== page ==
Markets paused following December’s surge to record highs, as Fed and Omicron fears persist, with the S&P 500® Index losing 2%. The “democratization” of returns that began later in 2021 returned last week, with value, international and small caps outperforming large-cap technology. Per Bloomberg, the Pure Value factor outperformed the Pure Growth factor by the most on record dating back to 2000 at 4.2%. A near-record 40% of companies in the NASDAQ are 50% below their 52-week high, as the average technology company has been punished.
Interest rates have surged in the first week of 2022, with the 10-year Treasury yield touching 1.78%, the highest level since before the pandemic, and up from 1.51% at year end. Investors reacted to a perceived hawkish tone from the minutes from the FOMC meeting in December. The Fed Funds futures curve embeds an 80% chance of a hike in March, and an 81% chance of three-or-more this year (up from 36% and 60%, respectively, a month ago). Real yields have risen even faster, as the 10-year breakeven inflation rate has declined this week. Higher interest rates could begin reverberating through the economy, with mortgage rates at the highest level since early in the pandemic, threatening the historic surge in housing prices.
Despite exaggerated market swings in the first week of trading in 2022, three themes emerged for what to expect in the market for the remainder of the year:
Overall investor expectations should be brought down to more realistic levels following an abnormally strong three years of returns
The contributions to returns will look significantly different as we see more “democratization” of returns with value, international and small caps outperforming large-cap technology
2022 will be a tough environment for bonds
December payrolls rose a disappointing 199k, well below the 400k consensus estimate and November’s reading of 249k. Despite the weakness, the unemployment rate fell to 3.9% from 4.2% last month. The labor force participation rate remains stubbornly low, while this week’s JOLTS report showed that the number of job openings far outweigh the number of unemployed and the pace of job quits remain at record levels. Wage gains remain strong at 4.7% from a year ago, though that was a deceleration from 5.1% last month. This likely reflects negative real wages, given the estimate for 7.1% consumer price inflation from a year ago in December. The Omicron variant is likely to leave businesses short-handed, as Bank of America estimates 4.2 million workers may be absent this week due to quarantining.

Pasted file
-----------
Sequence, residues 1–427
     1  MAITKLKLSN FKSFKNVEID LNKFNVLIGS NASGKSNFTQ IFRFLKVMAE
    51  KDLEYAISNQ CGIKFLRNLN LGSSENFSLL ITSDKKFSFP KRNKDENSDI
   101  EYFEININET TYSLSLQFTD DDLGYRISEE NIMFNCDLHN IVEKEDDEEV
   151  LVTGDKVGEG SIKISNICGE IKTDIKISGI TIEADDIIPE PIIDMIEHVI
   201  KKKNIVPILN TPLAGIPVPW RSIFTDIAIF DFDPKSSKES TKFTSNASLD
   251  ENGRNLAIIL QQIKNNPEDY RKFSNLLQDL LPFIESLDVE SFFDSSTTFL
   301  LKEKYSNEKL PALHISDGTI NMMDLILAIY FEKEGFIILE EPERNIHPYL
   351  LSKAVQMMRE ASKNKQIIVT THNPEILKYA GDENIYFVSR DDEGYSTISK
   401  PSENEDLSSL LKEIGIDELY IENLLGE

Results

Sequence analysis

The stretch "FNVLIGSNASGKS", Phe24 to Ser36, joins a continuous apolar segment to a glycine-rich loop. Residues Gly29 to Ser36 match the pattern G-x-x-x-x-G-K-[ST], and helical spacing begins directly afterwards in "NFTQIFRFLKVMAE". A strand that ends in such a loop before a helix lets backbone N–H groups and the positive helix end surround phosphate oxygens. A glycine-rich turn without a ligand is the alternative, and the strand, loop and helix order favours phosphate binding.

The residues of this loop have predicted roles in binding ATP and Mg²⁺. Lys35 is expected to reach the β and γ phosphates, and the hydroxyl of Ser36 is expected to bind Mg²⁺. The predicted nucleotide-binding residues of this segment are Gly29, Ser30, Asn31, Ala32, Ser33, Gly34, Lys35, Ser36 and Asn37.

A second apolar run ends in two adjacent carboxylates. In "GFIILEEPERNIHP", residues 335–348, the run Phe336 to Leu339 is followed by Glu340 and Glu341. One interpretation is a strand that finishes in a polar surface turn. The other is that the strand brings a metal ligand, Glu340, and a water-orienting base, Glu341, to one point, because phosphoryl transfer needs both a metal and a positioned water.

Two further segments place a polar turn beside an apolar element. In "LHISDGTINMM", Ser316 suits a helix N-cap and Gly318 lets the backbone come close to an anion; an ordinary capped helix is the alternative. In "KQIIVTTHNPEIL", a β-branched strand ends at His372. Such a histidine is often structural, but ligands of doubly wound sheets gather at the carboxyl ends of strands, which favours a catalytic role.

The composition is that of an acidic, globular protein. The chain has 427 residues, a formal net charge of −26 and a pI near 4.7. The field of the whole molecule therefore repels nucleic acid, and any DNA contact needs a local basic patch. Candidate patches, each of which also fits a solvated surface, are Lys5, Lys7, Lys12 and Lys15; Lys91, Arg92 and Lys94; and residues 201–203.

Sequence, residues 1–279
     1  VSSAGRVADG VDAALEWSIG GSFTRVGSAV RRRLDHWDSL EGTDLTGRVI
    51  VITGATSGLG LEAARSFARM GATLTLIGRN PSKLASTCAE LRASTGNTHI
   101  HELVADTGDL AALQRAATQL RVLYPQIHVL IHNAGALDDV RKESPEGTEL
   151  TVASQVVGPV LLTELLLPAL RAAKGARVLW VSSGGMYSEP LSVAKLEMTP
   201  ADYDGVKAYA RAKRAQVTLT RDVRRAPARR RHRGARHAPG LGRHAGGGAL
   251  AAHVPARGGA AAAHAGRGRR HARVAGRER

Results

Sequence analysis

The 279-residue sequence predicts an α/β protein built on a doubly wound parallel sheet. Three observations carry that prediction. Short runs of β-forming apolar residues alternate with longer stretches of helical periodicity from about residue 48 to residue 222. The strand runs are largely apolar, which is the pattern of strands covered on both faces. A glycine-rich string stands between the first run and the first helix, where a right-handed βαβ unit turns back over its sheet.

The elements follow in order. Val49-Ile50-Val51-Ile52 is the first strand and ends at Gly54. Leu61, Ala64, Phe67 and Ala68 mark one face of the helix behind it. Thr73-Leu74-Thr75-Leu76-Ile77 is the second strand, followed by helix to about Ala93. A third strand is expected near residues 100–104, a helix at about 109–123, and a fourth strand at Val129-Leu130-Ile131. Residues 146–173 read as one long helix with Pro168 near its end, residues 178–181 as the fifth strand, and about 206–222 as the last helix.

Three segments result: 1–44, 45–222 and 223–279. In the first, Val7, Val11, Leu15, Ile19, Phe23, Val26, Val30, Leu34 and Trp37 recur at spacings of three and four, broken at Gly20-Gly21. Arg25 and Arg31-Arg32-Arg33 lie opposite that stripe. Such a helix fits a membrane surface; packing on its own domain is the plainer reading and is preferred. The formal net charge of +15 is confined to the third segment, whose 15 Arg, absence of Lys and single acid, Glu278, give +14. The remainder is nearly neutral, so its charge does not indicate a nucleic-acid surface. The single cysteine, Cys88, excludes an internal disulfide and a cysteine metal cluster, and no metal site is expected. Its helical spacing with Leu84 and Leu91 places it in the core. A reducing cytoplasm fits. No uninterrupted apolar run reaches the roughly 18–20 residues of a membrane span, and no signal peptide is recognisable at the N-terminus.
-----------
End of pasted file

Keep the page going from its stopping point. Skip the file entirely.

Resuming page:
Economic data have been mixed, with continued strength in consumer demand, housing, and employment, though clouds are developing around Omicron. There has been a sharp decline in occupancy in commercial properties in major cities in the past few weeks, as companies continue to adjust their return-to-work plans. Time outside the home was within 5% of pre-pandemic levels in mid-December but is now 14% below that level. Manufacturing continues to be impacted by supply chain issues, with the December ISM Manufacturing Index falling to an 11-month low, including weak new orders and production. Job openings fell modestly in the most recent month per the JOLTS report, though the number of people quitting remains at record highs at 3% of the workforce and there are far more job openings than unemployed people. The Fed’s Weekly Economic Index continues to reflect an economy growing at roughly 8%.
Fourth-quarter earnings season will begin in the next few weeks, with current consensus for 25% growth, above the 21% expected as of November. This would mark the fourth-straight quarter with growth above 20% growth, though it marks a notable deceleration from the 37% in the third quarter. Nine of the 11 sectors are expected to see growth, led by Energy, Materials, and Industrials, with Financials and Utilities expected to decline. Management commentary surrounding supply chain and labor issues will be critical, along with margins given producer prices are rising faster than consumer prices.
What to Watch
Inflation data will be closely watched next week, with CPI scheduled for Wednesday and PPI on Thursday. Other data include NFIB Small Business on Tuesday, hourly earnings on Wednesday, and retail sales, industrial production, and consumer sentiment on Friday. Fed confirmation hearings for Powell are on Tuesday and Brainard on Thursday.
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